C.S. Lewis, the celebrated Oxford don who created Narnia and Mere Christianity, is best known as a storyteller, scholar, and defender of Christianity. But the new book and documentary The Magician’s Twin makes the case that Lewis had a lot to say about the growing impact of science on society.
We recently caught up with John West, editor of the book and director of the film, to talk about Lewis, science, and scientism. Formerly a professor at Seattle Pacific University, Dr. West is currently a Senior Fellow at the Discovery Institute in Seattle. His previous books include The C.S. Lewis Readers’ Encyclopedia, The Politics of Revelation and Reason, and Darwin Day in America. A free chapter on “C.S. Lewis and Intelligent Design” from The Magician’s Twin book is available for download, while the film version can be viewed on YouTube.
Where did you get the title for the book and film, “The Magician’s Twin”?
From a comment Lewis made in his book The Abolition of Man where he claimed that “[t]he serious magical endeavor and the serious scientific endeavor are twins.”
Science and magic are twins? Doesn’t that seem like a stretch?
I think Lewis was trying to be intentionally provocative. But I think he had a point. Like magic, science can be treated by some people as tantamount to a religion. Like magic, science can spawn gullibility among non-scientists, when they shut down their critical faculties and simply accept certain claims because they think “science says so.” And like magic, science can be a quest for power over the world. Lewis was particularly concerned about that last point: Science as power. He understood the power of science to be used for good. But he also realized science could be twisted for evil. In his own time, he saw that happening in places like Germany and his own country with the eugenics movement, the effort to breed a better human race based on Darwinian principles.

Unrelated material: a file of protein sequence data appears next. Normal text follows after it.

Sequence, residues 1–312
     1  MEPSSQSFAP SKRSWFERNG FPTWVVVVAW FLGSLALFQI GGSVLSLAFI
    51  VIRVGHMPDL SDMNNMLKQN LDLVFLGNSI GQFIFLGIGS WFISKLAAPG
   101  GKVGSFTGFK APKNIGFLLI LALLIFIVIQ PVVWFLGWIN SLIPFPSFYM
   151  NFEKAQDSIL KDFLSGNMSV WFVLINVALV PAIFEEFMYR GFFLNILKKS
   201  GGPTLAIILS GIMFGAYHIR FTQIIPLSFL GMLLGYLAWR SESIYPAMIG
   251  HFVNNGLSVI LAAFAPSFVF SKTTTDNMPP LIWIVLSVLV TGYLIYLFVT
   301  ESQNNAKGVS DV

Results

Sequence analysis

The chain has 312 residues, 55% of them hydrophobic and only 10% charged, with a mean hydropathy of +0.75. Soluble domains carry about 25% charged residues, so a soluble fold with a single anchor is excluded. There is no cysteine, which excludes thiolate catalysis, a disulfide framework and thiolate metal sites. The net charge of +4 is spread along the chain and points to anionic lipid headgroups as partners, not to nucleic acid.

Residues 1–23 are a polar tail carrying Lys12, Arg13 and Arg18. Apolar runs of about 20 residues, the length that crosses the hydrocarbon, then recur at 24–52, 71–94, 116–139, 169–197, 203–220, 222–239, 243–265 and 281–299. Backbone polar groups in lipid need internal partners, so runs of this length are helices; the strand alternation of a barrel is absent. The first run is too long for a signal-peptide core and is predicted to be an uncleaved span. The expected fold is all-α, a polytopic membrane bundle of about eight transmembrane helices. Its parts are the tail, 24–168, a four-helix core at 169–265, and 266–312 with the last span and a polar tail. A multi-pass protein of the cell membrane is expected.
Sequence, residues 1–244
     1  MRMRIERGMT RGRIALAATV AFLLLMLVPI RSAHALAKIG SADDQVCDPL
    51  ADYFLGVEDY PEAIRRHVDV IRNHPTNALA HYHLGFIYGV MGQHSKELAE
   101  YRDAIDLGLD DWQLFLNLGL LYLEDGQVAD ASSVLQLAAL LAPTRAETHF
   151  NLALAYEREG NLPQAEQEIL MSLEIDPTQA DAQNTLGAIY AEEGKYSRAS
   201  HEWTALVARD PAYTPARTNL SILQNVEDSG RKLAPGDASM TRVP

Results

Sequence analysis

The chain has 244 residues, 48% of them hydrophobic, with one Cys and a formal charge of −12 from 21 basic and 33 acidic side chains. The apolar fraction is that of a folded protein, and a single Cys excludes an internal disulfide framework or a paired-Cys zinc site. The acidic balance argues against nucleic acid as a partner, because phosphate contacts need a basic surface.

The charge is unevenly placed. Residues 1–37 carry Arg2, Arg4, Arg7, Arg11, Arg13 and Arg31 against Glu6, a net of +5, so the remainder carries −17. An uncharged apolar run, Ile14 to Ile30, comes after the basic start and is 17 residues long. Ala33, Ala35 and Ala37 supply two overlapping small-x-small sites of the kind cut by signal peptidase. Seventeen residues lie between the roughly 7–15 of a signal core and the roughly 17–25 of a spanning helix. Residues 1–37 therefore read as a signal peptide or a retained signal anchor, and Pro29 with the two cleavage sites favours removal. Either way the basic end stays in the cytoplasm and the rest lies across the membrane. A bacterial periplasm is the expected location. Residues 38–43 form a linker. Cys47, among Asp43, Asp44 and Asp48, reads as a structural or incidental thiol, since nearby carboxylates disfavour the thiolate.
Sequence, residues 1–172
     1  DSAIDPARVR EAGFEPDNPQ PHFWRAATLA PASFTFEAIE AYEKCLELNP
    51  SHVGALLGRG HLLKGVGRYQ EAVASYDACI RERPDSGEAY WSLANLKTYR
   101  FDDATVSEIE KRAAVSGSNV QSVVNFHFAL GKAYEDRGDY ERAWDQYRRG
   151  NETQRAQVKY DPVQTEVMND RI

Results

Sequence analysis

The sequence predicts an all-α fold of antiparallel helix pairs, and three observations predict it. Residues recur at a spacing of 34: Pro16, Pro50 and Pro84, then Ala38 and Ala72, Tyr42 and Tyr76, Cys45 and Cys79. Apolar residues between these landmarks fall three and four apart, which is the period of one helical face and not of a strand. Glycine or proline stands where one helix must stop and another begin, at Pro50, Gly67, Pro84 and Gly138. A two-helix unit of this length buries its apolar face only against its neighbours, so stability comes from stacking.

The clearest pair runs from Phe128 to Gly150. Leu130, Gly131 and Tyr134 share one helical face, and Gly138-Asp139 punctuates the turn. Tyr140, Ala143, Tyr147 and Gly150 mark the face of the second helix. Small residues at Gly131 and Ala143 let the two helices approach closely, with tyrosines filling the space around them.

Did Lewis pay much attention to science?
I think people might be surprised at just how interested Lewis was in science, especially its relationship to faith, ethics, and society as a whole. Lewis’s personal library included more than three dozen books and pamphlets on scientific topics, many of them dealing with evolution. Several of these books were marked up with underlining and annotations, including Lewis’s copy of Charles Darwin’s Autobiography. Lewis’s interest in science shows up throughout his writings. He ultimately wrote nine books, nearly 30 essays, and several poems that explored science and its cultural impact. In fact, the last book he wrote, The Discarded Image, critically examined the nature of scientific revolutions, especially the Darwinian revolution in biology.
Was Lewis anti-science?